Tuesday, June 27, 2006

Ledeen and other Iran hawks

* laura has another Rome/iran/ledeen/ghorba article out - this time in MoJo:
Washington insiders of a certain vintage cringe at the mention of Ghorbanifar’s name—and grow alarmed when they hear that, as another ex-CIA official puts it, “anyone in the U.S. government would still talk to Ledeen and Ghorbanifar after what happened.”
The real story, as I learned in the course of a two-year investigation that took me from sterile Washington offices to smoky exile pubs in Paris, is more interesting. It’s also not over. As the crisis with Iran deepens and moves to the fore, the Bush administration is putting in place key elements of the vision spun in part by the men at the Rome meeting. In a new campaign to ramp up pressure on the Iranian regime, millions of dollars are pouring into exile groups, anti-regime propaganda, pro-democracy projects, and intelligence gathering. State Department and intelligence personnel are being deployed to the region and new Iran operations offices are being “stood up” in the State Department and Pentagon—the latter even featuring some of the names familiar from the pre-Iraq-war Office of special Plans.
Feith departed the Pentagon in the summer of 2005; even before then, his office had stopped responding to any questions from the Senate committee about its activities, including the Rome meeting. “They freaked out at Defense,” the Senate staffer told me. “They said, ‘If you’re starting a criminal probe, we are not going to cooperate.’”
Yet there’s a striking parallel in the way that Pentagon hawks relentlessly promoted both players (Ghorba/Chalabi) long after they had been deemed unreliable and possibly treacherous by other agencies, in particular the CIA. The difference is that Chalabi’s fictions have been exposed in a bloody and costly war, while Iran action is only now moving toward the front burner. And as it does, the notion that Ledeen and other Iran hawks have advocated for so long—that Iran’s regime will fall if only the United States will give it a push—is emerging as the main policy trajectory for the Bush administration. In February, Secretary of State Condoleezza Rice requested an additional $75 million for promoting democracy in Iran; that same month, a team of U.S. government Iran experts traveled to Los Angeles to talk to exiles there. State Department Iran watchers are being “forward deployed” to the Persian Gulf and surrounding region; in Washington, think tanks and exile groups are launching Iran initiatives, all of them jostling for the money and launching whisper campaigns against their competitors in a game whose stakes have suddenly risen. More covert measures are also reportedly under way, including the cultivating of proxies among the Kurds and some of Iran’s ethnic tribes to gather intelligence in the border regions of Iran; and there have been reports that some in the administration believe missile strikes against Iran’s nuclear program would embarrass the regime and lead to a revolution.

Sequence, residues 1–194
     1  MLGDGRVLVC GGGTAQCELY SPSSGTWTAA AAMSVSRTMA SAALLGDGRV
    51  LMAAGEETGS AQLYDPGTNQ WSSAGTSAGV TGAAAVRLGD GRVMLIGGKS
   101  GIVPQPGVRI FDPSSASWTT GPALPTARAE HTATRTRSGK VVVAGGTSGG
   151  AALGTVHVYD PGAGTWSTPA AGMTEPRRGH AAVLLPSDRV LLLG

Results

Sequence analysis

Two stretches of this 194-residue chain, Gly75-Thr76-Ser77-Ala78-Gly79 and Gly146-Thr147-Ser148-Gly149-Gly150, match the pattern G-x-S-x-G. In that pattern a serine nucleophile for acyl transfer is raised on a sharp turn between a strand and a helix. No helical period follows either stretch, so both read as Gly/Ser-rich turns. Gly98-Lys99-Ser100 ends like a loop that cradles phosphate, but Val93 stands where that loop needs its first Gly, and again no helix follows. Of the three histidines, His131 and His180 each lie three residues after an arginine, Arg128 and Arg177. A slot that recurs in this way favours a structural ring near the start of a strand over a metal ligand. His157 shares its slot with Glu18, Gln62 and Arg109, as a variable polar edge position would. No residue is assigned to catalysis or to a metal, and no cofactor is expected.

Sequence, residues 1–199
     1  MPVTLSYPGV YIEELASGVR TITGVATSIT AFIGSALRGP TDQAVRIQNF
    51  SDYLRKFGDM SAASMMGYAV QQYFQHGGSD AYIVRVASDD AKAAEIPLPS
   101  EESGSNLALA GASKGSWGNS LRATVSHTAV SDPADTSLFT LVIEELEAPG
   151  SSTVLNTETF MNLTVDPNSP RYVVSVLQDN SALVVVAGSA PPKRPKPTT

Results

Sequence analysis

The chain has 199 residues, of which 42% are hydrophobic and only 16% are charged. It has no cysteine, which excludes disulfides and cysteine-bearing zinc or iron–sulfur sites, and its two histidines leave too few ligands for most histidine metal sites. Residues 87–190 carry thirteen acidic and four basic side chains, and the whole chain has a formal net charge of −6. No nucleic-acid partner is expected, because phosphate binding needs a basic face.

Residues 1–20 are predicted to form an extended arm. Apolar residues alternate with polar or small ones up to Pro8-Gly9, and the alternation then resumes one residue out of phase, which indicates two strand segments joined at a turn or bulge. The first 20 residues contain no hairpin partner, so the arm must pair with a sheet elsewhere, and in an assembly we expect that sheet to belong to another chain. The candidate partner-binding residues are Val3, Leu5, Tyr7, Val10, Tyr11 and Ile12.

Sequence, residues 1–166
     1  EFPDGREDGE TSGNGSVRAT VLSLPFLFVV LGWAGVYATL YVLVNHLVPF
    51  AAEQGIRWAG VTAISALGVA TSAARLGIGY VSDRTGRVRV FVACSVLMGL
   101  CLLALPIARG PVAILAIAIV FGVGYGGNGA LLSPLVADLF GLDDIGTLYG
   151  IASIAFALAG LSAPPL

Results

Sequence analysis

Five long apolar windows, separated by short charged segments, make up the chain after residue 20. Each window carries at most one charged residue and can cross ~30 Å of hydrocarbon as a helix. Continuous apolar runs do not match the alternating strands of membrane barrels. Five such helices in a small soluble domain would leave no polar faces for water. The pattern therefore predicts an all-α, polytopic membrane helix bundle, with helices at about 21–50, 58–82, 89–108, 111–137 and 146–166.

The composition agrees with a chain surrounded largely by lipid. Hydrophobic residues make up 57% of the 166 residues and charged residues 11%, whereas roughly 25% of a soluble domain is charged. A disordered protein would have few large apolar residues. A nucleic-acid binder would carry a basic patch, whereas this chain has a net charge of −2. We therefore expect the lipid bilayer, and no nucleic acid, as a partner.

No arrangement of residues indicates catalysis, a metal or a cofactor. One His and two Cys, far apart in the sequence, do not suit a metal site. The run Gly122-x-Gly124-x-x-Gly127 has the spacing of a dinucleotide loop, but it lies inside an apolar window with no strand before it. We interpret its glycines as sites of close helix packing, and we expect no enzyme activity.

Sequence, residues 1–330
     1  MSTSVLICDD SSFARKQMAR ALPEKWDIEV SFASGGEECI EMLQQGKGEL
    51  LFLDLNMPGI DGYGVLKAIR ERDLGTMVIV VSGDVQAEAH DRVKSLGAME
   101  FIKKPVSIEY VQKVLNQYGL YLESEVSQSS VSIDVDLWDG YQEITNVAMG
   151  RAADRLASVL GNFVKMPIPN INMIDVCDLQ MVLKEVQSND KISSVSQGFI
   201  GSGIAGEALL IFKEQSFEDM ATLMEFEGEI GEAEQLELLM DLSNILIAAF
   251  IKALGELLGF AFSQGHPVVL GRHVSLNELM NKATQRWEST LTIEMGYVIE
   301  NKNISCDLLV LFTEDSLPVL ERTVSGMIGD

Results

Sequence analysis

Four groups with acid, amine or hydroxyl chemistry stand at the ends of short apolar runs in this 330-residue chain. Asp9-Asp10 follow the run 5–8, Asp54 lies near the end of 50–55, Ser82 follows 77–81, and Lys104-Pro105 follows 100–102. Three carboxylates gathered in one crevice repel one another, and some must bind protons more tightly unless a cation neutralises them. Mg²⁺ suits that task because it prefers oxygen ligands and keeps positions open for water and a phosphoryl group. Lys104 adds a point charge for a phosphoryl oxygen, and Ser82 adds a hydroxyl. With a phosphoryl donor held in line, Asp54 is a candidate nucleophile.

For the irrepressible Ledeen, none of this is quite enough. “I was recently asked if I saw signs of action,” Ledeen told me in April. “I see nothing.” Not much later, when the exile community buzzed with stories to the effect that Ledeen was involved in a new back channel to Iran’s rulers, and that Vice President Cheney had authorized the Pentagon to use Ghorbanifar as a source, he shrugged off both rumors. “I can’t imagine it. The Pentagon cannot, so far as I know, do intelligence operations without getting the approval of the CIA. It’s impossible and illegal.” Then he excused himself—he was headed out of town, to Italy, on vacation.

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